In anger, bulls are very scary. Huge horns are used as self-defense and when attacking. Having wounded their prey, they finish it off with their hooves, while trampling it for several hours, until there is practically nothing left of it. Black bulls can reach high speed – up to 60 km/h, escaping from the chase, or vice versa, chasing someone. Lonely elderly males fight off the pack and lead a solitary lifestyle. They are especially dangerous. Young animals can also fight off the herds, and create their own herd.

Black buffaloes are inherently nocturnal. At night, they emerge from dense thickets and graze until morning. During the day they hide from the scorching sun in the forest thickets, take mud baths or just sleep. Animals leave the forest only for watering. The herd always chooses as a habitat a territory that is located near a reservoir. It is unusual for him to go further from the reservoir than three kilometers.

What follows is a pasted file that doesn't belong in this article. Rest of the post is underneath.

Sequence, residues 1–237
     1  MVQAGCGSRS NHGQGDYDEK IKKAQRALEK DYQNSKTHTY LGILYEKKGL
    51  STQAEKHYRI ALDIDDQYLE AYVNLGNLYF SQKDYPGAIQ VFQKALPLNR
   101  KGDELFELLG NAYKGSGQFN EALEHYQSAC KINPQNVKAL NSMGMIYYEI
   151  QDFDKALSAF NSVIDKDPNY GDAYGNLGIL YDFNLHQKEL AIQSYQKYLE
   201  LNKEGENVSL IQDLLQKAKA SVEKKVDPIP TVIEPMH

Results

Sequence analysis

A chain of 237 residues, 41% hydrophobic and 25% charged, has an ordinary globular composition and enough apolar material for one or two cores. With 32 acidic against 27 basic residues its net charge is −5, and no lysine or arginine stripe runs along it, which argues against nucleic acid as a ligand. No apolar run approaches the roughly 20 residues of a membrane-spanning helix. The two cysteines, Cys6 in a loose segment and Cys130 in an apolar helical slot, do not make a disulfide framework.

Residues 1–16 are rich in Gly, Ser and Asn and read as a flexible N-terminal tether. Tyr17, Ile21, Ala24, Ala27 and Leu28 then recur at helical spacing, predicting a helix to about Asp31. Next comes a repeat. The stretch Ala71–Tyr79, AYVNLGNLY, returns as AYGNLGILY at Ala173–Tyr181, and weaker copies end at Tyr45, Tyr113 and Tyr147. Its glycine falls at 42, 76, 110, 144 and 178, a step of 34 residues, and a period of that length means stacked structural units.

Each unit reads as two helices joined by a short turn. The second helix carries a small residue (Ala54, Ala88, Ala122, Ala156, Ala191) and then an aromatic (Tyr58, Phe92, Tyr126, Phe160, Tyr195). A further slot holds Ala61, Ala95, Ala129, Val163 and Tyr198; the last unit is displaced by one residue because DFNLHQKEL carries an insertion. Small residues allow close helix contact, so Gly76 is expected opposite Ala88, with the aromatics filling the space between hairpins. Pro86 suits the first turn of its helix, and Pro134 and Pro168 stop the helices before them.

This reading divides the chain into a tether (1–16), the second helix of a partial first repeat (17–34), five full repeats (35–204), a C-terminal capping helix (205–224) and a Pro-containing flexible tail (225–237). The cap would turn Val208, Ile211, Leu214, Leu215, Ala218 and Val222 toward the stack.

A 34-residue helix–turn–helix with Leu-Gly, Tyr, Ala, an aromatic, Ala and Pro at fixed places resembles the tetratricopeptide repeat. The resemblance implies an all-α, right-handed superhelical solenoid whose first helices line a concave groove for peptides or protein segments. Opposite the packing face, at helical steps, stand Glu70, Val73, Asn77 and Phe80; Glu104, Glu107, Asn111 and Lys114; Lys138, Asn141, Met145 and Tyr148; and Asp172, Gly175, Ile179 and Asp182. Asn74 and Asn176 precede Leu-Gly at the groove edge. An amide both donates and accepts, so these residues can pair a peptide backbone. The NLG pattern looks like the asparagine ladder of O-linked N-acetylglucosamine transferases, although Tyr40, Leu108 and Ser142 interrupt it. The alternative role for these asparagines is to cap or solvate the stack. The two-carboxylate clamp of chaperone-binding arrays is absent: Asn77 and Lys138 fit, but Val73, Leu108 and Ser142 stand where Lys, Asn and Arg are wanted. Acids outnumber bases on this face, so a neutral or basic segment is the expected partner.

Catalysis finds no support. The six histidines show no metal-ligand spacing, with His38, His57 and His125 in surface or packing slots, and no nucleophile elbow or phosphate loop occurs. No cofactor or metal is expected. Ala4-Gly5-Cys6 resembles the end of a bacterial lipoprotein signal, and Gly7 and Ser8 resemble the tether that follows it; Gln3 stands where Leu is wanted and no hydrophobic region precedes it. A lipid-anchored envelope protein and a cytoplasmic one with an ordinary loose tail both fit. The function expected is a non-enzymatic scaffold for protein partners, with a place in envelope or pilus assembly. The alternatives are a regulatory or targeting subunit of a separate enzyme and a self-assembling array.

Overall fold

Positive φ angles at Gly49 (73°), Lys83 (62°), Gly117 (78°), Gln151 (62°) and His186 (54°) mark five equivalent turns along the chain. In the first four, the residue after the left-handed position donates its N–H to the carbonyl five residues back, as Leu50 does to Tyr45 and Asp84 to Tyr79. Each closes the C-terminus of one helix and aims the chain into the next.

African buffaloes are excellent swimmers. They easily swim across a pond when moving long distances in search of food, although they do not like to go deep into the water. The territory occupied by one group of herbivores does not exceed 250 square kilometers. When living in natural conditions, the African buffalo gives a sharp voice. Individuals of the same herd communicate with each other through head and tail movements.

Social Structure and Reproduction

Photo: African buffalo

Photo: African buffalo

The mating season for African buffaloes begins with the onset of the month of March and lasts until the end of spring. For the leadership position in the group, as well as the right to mate with the female they like, males often fight. Even though fights are quite scary, they rarely end in death. During this period, bulls tend to roar loudly, throwing their heads up, and dig the ground with their hooves. The strongest males get the right to enter into marriage. It often happens that one male enters into marriage with several females at once.